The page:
I think the 60s setting is, honestly, just an excuse for Allen to trot out lines that he might have written back then, the last time he was involved in television. It feels deeply lazy and contemptuous of both his audience and his employers.

Miley Cyrus plays Diane Keaton’s character in Sleeper – by which I mean she trots out the same lines about revolution with the same hunched shoulders and arm gestures – and though she only actually sleepwalks in one episode, you get the feeling that she’s sleepwalking through the whole thing. Ahem.

It’s such a terribly unfunny rendition of comic somnambulism that it seems to exist only to pre-empt the joke that Cyrus is sleepwalking through the role. (Variety)

The cast sits at two extremes in terms of age. 80-year-old Allen plays an obscure writer apparently still trying to pitch a tired sitcom idea, while 84-year-old Elaine May plays his still-practicing marriage counsellor wife. Both them speak like their dentures are loose and Allen stutters through his lines in a way that seems semi-improvised or else under-rehearsed. The 50-year-old punchlines fall from his 80-year-old mouth like ashes.

The other end of the cast features the aforementioned Ms Cyrus, John Magaro and Rachel Brosnahan, as a younger generation who aren’t given much to do. Miley Cyrus’ part seems to consist of raiding food cupboards and repeating a limited number of thoughts about social revolution and direct action. The part is really under-written and when Allen has her climb into the boot of a car at the end, it’s a relief for all concerned.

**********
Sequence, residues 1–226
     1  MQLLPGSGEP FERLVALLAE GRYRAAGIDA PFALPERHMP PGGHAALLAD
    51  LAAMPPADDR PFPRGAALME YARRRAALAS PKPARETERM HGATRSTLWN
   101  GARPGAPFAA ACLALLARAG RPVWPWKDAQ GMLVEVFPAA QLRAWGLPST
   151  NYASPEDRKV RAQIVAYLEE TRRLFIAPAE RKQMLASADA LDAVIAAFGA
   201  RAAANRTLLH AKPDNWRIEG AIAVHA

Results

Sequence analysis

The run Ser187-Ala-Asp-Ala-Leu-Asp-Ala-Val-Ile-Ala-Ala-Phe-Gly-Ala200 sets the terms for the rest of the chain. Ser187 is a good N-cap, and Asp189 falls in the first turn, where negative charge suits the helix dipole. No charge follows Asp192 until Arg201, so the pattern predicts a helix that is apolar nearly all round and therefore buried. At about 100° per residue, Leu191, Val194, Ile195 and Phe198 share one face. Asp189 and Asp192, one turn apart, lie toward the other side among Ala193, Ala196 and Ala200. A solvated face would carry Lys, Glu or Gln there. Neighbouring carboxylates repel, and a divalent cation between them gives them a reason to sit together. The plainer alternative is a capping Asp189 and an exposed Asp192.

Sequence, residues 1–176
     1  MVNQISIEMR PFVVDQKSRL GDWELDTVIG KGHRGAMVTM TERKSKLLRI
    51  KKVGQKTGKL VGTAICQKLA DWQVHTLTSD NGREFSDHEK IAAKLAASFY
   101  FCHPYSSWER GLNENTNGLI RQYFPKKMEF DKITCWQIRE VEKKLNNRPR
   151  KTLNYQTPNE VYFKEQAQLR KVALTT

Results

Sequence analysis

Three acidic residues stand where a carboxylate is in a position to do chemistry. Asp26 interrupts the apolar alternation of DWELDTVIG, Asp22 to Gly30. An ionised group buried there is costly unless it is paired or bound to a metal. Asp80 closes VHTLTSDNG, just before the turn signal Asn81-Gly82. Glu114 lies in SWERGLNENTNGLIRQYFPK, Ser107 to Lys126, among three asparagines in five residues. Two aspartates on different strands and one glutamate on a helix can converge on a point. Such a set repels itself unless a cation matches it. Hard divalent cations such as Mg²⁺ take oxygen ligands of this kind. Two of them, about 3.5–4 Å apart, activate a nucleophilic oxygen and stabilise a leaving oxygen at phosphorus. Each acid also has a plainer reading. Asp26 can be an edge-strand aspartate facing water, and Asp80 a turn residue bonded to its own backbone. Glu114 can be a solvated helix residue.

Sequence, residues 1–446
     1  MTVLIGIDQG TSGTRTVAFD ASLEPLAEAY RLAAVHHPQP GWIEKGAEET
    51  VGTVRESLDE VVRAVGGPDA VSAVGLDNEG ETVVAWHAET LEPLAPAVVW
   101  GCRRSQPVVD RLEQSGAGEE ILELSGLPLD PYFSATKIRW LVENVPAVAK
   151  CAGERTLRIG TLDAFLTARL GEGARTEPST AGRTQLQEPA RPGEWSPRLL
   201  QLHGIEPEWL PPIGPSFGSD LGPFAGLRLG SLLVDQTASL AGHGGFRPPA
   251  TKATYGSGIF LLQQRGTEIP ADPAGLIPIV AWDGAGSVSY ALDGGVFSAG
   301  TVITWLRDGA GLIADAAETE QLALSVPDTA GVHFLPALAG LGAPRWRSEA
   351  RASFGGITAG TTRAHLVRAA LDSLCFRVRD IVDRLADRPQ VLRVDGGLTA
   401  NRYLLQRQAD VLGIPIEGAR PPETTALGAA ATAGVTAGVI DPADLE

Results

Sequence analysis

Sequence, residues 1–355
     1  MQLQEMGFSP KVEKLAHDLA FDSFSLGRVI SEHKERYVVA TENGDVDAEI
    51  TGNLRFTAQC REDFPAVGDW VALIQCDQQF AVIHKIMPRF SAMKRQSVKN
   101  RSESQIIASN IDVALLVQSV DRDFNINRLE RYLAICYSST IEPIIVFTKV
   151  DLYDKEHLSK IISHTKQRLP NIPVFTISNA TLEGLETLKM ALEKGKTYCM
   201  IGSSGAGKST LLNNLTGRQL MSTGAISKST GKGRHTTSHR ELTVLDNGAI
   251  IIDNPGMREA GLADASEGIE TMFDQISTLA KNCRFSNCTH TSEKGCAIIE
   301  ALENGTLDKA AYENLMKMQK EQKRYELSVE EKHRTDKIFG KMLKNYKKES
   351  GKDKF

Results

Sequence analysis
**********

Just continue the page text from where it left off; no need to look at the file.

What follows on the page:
Allen has made this as a “half hour comedy” in the sense that the episodes are about 22 minutes long – as if this was a network show. Except it’s not a network show, and there are no ad breaks. Each episode ends abruptly, too short for anything meaningful to happen. At around 130 minutes this ends up being something like an over-long, poorly edited, late period Woody Allen film.

You could reimagine this with better casting, younger actors, people in their late 50s or 60s, who might conceivably still have a reason to be working and running around Manhattan with a briefcase full of money. Imagine Tom Hanks in the Allen role, Michelle Pfeiifer in the May role, and the 23-year-old Miley Cyrus arriving like a whirlwind to set them spinning. Maybe then you’d have a show. As it is, this is clearly something knocked off to fulfil a contractural obligation with nothing but contempt for an audience Allen clearly doesn’t mind alienating.